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Demand for Mobile Plant & Equipment Hire Set to Surge

Demand for mobile plant and equipment (MPE) will increase considerably over the next three to five years. That’s primarily due to federal and state infrastructure projects coming online. But there’s a complication: disrupted global supply chains. First, COVID and, more recently, the war in Ukraine have disrupted shipping, parts supply and manufacturing across the globe.

NTI’s Gary Woodhams explains that “before COVID, there was a lot of transport, urban and civil infrastructure expected to be rolled out. But as governments have needed to stimulate their economies, many of these projects have been brought forward.”

By 2024, some $49 billion of work will be under construction in the transport infrastructure sector alone. There is also considerable activity happening in the mining space. These projects create many opportunities for companies and contractors but also present challenges. 

Too many jobs, not enough equipment

Disrupted supply chains are impacting project pipelines. In Australia, we see increased demand exacerbating the supply-side problem. Typically, businesses source mobile plant and equipment (MPE) from overseas. But governments worldwide are attempting to support their economies through this period, meaning there is little MPE available, and the wait times are considerable.  

In short, equipment is scarce. Manufacturers cannot match their old production and shipping volumes, so prices are increasing, and waiting times for new MPE are getting longer. 

That’s why we’ve seen an upsurge in equipment hire. Operational businesses need to supplement their existing fleets, however large or small, to complete their jobs. Specialised equipment – that might not be economical to own – is in particular demand.

Hire or operational businesses with under-utilised assets can thus benefit from opportunities to provide MPE to other companies. 

MPE opportunities and challenges

For operational businesses, the opportunity is to take advantage of the significant infrastructure pipeline to tender and win more work. The challenge is access to MPE, and if hiring at fair rates and fair hire contract conditions.

For hiring businesses, the opportunity is to generate more income from their assets. The challenge is to ensure they can supply those assets correctly valued and adequately protected.

In both cases, the hire agreement is the critical document. In the first instance, it must make commercial sense for both parties, offering good value to the hirer and fair returns to the owner.

The insurance component is crucial. A good agreement will clarify who is responsible for the insurance; or, if there is a damage waiver, the types of damage or incidents covered by the owner and what must be covered by the hirer.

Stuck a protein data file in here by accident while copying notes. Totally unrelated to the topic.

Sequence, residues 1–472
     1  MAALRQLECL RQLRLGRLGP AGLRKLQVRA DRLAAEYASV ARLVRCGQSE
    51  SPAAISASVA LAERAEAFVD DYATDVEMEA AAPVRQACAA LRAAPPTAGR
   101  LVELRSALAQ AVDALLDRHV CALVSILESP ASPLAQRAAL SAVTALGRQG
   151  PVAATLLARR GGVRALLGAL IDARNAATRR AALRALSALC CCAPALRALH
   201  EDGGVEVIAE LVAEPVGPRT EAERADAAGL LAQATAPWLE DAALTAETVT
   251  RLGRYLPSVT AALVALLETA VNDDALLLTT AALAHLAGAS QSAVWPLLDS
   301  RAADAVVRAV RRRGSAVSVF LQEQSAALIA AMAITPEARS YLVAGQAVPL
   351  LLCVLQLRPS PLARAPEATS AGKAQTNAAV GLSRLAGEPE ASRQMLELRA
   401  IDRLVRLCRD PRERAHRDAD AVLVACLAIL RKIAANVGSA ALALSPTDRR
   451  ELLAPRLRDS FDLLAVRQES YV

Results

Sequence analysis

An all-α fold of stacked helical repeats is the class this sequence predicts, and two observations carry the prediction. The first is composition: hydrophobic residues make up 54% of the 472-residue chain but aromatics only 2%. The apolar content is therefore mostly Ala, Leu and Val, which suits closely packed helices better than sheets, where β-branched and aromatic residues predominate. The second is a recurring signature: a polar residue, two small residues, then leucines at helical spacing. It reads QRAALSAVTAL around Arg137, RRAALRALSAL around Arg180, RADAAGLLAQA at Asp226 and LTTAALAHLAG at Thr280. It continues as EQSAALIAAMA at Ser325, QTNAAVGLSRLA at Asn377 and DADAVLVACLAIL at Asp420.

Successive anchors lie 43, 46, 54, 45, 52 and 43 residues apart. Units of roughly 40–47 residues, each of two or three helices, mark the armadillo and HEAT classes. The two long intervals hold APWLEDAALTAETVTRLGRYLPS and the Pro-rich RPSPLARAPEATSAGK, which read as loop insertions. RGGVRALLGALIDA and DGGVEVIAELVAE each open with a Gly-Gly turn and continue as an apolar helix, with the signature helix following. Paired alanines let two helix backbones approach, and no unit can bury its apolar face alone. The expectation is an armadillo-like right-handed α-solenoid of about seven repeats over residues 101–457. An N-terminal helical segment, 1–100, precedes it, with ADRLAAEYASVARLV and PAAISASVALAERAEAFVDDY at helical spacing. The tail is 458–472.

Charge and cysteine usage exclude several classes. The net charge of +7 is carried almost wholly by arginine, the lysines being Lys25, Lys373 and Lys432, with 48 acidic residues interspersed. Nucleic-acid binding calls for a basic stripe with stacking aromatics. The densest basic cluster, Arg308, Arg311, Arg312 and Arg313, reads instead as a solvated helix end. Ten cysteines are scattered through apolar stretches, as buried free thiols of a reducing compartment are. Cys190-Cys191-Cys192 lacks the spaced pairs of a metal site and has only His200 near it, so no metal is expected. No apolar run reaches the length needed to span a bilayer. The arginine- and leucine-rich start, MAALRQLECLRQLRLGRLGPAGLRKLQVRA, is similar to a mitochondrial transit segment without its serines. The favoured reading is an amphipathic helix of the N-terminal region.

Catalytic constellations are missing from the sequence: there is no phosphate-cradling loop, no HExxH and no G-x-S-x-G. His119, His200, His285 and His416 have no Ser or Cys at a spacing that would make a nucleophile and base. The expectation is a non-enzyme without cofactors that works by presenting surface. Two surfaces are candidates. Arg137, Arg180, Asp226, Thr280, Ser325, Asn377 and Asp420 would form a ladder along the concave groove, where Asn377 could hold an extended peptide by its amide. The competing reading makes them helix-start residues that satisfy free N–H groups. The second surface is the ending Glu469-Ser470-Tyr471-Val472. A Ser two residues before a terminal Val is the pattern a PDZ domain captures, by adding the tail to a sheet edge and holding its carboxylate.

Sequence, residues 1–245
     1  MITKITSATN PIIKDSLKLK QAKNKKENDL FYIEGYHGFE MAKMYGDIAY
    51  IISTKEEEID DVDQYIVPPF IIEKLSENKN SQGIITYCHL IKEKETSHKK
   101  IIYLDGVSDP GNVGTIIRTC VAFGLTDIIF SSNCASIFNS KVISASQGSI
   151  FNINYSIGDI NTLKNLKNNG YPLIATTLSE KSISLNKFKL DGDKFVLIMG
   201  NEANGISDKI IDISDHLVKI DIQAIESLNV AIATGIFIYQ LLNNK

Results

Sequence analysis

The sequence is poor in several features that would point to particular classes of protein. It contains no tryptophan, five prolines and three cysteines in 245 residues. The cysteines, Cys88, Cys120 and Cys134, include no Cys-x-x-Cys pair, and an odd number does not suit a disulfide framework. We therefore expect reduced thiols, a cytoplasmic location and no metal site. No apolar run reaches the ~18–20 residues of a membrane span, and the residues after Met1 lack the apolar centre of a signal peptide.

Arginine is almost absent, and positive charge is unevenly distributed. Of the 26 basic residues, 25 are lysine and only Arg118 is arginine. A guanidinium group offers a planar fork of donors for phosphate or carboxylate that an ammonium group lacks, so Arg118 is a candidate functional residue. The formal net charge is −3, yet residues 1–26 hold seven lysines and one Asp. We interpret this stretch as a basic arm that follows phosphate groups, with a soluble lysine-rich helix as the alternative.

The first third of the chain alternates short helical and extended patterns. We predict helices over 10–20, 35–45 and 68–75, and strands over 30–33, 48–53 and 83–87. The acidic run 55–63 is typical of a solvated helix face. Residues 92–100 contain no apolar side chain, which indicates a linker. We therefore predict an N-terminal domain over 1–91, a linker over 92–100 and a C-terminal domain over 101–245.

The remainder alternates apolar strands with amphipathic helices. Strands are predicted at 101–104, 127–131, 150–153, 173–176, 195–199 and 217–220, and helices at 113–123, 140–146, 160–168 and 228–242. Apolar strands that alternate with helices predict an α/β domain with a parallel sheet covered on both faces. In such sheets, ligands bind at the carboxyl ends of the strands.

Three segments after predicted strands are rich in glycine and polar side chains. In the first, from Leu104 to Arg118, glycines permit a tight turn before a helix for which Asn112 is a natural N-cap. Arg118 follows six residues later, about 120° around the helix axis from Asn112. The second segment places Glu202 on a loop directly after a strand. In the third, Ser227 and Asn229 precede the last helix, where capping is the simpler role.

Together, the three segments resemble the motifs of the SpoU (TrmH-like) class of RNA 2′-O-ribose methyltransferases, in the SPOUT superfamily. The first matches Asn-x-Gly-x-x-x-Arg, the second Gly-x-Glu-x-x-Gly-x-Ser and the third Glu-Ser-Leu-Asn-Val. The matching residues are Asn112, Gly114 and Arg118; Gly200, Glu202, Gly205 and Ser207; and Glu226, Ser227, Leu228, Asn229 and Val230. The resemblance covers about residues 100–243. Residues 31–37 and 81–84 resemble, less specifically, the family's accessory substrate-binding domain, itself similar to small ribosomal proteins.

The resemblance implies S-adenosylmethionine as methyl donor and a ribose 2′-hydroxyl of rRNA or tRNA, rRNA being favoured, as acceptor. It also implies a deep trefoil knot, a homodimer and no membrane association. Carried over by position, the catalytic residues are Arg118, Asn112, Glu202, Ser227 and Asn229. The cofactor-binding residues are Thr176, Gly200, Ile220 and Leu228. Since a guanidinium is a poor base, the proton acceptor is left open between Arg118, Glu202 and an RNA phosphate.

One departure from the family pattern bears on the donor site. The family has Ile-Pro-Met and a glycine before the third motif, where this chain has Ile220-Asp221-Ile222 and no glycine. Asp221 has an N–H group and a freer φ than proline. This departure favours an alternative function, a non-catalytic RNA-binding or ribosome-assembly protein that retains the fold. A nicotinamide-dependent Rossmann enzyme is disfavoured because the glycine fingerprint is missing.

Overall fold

For the owner, retaining a lawyer to draft a standard hire agreement will be money well spent.

For the hirer, reading the agreement carefully and asking the owner directly what’s covered and what’s not is prudent. It’s also essential to understand the terms and shop around if you’re not comfortable.

Know your terms: Damage waivers aren’t insurance policies

Hire businesses commonly include damage waivers in their hire agreements. However, hirers need to know that a damage waiver is not an insurance policy. It’s a clause that releases the hirer from the cost of repairing or replacing damaged equipment. 

However, these clauses can be restrictive by limiting the damage waiver benefit ‘to or excluding certain events’ with additional restrictions or requirements. These can be onerous and very easily expose the person hiring the equipment to an expensive uninsured financial loss, as Gary explains:

“We sometimes see clients who think a damage waiver is insurance. I’ll give an example. A client hires in a conditionally registered excavator for five days. They pay an extra $700 for a damage waiver.

“The excavator is tracking on the road and slews around. The dipper arm comes to a stop inside a passing BMW.  The damage waiver covers any damage to the excavator – but not to the car.”

That’s why if you are hiring mobile plant and equipment, it’s essential to know your terms and be sure you understand what your hire agreement covers.  

“For the owner, hiring is a great way to expand your business’s capabilities or generate extra revenue,” Gary says.

“However, not spending the money to have a lawyer experienced in crafting hire agreements for the mobile plant hire industry is a false economy.

“Not obtaining the correct insurance cover and extensions is also a false economy.

“The cost means nothing compared to what a claim or prolonged dispute could be worth.” 

As always, it’s worthwhile for both owners and hirers to obtain the right advice and the right insurance. Speak to your lawyer and your insurance broker. Contact us today if you’d like to know more.

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